In a scene that’s begun to settle into a comfortable community of producers contributing to an ebb and flow of quality releases and nights, Sleeper is as close as you can get to a household name. Having conquered the major outlets of the deeper and rugged labels like Chestplate and Artikal Music – as well as Osiris Music (who have, of late, made a definitive push forward into unchartered territory) – Sleeper has readied a further, self-released extended play.
Testament to an impressive work rate, Sleeper offers up 8 impeccably produced tracks that come together to form the Mass Transference EP.
With the techno-slanted offerings of the Simulation Theory EP on Osiris and the self-released Ephemoerol Delivery and Enter EPs, Mass Transference sees the producer returning to his signature brand of dubstep. The EP will be made available in Parts One and Two on Sleeper’s Bandcamp page as a digital-only release; part of Sleeper’s continuing effort to raise funds for physical releases.
Standout tracks on the two part release are Kekuatan on Part One and Brain System Conflict on Part Two. The former, a seemingly unstoppably and bashy rhythm, pulses with a little more intensity than its peers before tripping over itself and comfortably building back up into the second drop. The latter benefits from snaking percussion that allows the track to glide into the mix before stripping back into the fundamentals – in a similar vein to Kekuatan but with some added menace in the midrange.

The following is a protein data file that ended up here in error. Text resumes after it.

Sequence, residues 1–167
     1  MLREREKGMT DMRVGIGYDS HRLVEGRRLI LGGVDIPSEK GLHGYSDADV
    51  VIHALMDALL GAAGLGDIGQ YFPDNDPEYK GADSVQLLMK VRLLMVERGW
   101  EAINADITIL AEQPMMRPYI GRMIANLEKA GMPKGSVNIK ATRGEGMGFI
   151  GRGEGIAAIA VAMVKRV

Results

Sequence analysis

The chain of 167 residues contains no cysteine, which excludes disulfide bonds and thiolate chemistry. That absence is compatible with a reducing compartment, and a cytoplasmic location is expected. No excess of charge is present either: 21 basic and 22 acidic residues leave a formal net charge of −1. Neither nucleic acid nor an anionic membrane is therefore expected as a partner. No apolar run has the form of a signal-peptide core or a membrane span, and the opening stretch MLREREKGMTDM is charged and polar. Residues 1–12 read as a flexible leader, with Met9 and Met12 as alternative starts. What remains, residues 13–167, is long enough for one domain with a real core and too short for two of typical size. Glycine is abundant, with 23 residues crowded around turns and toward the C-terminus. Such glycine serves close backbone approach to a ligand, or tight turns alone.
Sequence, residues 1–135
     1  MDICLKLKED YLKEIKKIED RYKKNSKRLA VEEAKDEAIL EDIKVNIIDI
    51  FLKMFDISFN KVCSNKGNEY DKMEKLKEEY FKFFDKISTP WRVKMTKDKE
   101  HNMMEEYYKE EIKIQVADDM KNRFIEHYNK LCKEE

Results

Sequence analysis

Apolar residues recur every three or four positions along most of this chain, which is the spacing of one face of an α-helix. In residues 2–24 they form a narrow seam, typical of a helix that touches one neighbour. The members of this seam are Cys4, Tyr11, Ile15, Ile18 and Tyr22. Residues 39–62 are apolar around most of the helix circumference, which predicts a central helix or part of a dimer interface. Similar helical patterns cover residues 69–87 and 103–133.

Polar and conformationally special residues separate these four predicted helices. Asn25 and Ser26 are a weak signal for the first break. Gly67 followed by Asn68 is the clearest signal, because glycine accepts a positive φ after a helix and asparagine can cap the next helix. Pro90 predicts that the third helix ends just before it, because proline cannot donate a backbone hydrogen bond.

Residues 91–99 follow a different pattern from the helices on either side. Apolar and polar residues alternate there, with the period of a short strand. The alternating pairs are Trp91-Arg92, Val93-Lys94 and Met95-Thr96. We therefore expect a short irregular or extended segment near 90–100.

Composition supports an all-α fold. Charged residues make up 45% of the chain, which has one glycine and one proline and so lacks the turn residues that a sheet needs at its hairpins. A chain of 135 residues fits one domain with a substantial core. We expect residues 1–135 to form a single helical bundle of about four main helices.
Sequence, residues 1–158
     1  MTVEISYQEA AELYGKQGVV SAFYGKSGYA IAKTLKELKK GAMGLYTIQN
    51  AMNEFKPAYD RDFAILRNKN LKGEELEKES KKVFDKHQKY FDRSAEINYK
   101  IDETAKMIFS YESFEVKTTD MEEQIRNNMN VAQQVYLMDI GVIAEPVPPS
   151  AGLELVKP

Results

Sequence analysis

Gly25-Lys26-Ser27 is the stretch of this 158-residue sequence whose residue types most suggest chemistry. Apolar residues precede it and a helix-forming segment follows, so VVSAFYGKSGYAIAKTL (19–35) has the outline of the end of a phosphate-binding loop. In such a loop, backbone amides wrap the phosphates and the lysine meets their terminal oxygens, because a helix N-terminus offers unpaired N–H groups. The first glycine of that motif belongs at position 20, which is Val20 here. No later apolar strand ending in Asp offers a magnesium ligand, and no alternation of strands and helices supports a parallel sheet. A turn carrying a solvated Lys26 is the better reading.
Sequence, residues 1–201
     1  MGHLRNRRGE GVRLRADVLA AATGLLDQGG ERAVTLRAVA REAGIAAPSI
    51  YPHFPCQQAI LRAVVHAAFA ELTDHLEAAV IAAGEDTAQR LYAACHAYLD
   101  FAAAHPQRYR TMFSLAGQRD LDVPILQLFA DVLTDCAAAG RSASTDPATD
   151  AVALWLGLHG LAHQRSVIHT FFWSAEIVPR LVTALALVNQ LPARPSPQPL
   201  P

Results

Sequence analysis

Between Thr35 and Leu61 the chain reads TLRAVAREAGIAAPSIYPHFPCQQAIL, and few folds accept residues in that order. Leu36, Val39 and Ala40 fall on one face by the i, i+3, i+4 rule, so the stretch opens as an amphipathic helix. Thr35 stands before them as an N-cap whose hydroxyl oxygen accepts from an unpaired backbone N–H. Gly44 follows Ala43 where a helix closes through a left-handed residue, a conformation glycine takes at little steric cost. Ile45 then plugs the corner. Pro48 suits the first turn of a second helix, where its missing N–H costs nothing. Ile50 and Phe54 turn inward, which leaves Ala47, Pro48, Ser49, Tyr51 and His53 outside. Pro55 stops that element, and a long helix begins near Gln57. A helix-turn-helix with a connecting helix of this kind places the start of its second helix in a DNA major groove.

With Mass Transference, it is somewhat difficult to attribute a particular character to an individual track; or differentiate them from one another without a few listens. It’s perhaps better to step back and view the EP in terms of it’s title and speculate at an underlaying concept. Almost totally devoid of any human or analog elements or melody, the Mass Transference EP appears to idealise a totally synthetic approach to dance music production – industrious, technical and cold. In terms of deep dubstep, there is nothing leftfield about the eight tracks but Mass Transference appears to perfect a craft and aesthetic characterised by tightly balanced and functional elements that find relief only in disparate waves of icy atmospherics.
Mass Transference, then, is a collection of slick, carbon-clad, dancefloor weapons. While many might be discouraged by the Bauhaus construction and lack of obvious hooks, where this release succeeds is its conceptual and technical execution and its consistency. Sleeper, by and large, has come to own his distinct brand over the past two years, by simply being technically a cut above the rest. Each release is coherent and flowing, exhibiting the kind of ease of continual progression that should make us all excited to see Sleeper’s vinyl goal realised.
Words by W. Jobsworth
Peace, love and respect.